Inflammation and obstruction of the airways are some factors known to cause allergic asthma. This is triggered by smoke, dust, pollens, cold weather and chemical fumes. Since it may be difficult to avoid some of these allergens, there are good treatments options that can help maintain or even rid off the symptoms.
This is one of the most common treatments recommended by doctors. They are light, easy to carry and offer quick relief in case of symptoms. Bronchodilators can be liquid, tablets, inhaler or injections, though most prefer Inhalers. The recommended dosage is usually twice a week. If it exceeds, then a stronger treatment is required. Always consult the doctor.
Also known as corticosteroids, they are stronger and often used when bronchodilators are not working. They control asthma over long periods by reducing mucus inflammation in the airways. This clears the airways and helps reduce triggers to asthmatic attacks. Doctors usually recommend daily dosage for effective control. Inhaled steroids take time to work, in some cases, 3 months. asthma-control-with-anti-inflammatory-drugs
They are a ‘slower relief’ treatment that controls symptoms for a longer period, approximately 12 – 24 hours (asthma.ca). These bronchodilators work hand in hand with inhaled steroids to clear the airways. Therefore, you should use both. Just like any treatment, you may experience some side effects like headaches, anxiety and increased heartbeat rate. One should use them twice a day or as advised by the doctor.
Immunotherapy is administered as shots that should increase tolerance to substances that cause allergies. This is done through increasing dosage over time. The whole purpose is to harden your body to not react severely to allergies. Doctors usually conduct an allergy test, to find out what allergen affects you, before prescribing immunotherapy. Note that this is not suitable for children under 5years or those with heart diseases and uncontrolled asthma.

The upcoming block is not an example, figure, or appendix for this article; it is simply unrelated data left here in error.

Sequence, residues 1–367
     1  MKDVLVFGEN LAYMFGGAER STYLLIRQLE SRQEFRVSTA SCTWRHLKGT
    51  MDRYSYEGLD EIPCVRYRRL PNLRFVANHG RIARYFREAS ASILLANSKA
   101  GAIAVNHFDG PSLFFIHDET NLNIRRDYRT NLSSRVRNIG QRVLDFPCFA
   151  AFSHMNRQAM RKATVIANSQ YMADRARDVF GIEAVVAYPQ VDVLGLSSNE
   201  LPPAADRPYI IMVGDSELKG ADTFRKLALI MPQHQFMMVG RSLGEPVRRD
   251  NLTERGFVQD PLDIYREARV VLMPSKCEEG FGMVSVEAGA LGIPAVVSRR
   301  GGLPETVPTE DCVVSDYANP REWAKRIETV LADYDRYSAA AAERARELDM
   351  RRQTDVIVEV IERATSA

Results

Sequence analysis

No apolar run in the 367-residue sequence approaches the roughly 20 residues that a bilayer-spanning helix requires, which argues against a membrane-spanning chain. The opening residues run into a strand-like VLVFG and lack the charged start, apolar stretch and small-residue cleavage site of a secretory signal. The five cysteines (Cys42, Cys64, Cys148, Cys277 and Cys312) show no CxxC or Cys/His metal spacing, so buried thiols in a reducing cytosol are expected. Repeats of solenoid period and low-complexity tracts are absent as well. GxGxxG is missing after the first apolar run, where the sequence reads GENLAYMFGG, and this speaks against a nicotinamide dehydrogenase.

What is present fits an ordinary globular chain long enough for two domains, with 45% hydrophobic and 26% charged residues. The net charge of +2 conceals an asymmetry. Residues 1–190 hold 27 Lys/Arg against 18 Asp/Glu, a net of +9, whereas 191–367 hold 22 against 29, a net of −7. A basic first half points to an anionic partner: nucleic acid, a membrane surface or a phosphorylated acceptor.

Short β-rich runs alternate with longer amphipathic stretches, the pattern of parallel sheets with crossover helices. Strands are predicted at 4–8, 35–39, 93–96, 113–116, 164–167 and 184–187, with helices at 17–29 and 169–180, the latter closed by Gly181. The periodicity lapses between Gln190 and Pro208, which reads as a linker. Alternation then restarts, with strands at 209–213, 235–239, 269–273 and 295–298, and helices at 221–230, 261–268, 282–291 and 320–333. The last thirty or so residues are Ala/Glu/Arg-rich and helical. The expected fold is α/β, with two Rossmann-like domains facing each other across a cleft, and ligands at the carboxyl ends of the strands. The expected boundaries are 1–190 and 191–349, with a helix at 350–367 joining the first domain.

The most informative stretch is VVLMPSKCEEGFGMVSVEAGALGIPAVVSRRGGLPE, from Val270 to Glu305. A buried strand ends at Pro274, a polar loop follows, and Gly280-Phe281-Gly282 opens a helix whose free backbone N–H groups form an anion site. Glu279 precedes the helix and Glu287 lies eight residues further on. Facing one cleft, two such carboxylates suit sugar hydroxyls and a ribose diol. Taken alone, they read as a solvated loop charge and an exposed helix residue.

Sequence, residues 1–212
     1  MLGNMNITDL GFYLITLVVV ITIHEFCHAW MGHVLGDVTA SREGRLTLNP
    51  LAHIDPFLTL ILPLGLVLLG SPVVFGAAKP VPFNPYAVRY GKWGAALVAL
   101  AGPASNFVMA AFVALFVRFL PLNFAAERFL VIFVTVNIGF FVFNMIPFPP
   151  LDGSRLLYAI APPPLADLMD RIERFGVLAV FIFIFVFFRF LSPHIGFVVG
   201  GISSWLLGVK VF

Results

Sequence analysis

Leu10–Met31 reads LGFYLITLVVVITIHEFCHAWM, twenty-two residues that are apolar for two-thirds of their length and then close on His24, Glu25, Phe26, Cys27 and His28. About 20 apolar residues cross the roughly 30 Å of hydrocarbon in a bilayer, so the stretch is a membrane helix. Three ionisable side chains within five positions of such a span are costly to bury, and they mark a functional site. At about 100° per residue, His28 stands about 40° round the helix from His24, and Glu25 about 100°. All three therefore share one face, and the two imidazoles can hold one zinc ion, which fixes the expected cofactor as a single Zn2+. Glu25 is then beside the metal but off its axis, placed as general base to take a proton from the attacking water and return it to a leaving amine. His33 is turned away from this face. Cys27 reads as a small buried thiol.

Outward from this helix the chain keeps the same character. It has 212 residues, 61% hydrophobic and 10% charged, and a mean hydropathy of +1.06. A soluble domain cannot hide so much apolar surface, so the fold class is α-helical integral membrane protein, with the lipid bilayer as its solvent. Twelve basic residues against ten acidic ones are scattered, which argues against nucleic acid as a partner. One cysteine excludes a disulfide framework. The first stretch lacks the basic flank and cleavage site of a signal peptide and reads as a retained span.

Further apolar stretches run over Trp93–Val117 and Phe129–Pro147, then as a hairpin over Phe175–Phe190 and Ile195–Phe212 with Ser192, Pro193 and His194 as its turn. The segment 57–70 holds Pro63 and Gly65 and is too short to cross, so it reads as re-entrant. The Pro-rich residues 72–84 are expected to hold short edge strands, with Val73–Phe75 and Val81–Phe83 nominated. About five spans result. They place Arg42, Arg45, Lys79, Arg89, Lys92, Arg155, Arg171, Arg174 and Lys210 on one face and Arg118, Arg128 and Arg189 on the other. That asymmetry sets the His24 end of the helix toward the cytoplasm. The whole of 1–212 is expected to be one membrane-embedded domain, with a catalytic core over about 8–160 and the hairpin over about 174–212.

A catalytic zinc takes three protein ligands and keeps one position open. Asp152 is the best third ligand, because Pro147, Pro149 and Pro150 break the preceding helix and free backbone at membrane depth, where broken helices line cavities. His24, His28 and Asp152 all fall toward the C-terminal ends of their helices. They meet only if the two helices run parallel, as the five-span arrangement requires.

These medicines are meant for patients with severe asthma. This means that you have not improved despite taking all the required medicines as prescribed. Monoclonal antibodies block certain body chemicals that trigger inflammation and lower the number of severe attacks. It is advisable to get a specialist to ‘screen’ you before administering the medicine. They are injected through the skin or given orally, only at the hospital. The specialist should let you know how long the injections can be taken. (www.asthma.org.uk).
Asthma has no cure for asthma, but its symptoms can be controlled with these good treatment options. Always talk to your doctor or specialist to guide you on various effective ways in managing the attacks. With time, your lungs will continue to function well and let you maintain a normal life, without relying so much on medicines.
Originally published at zkago.wordpress.com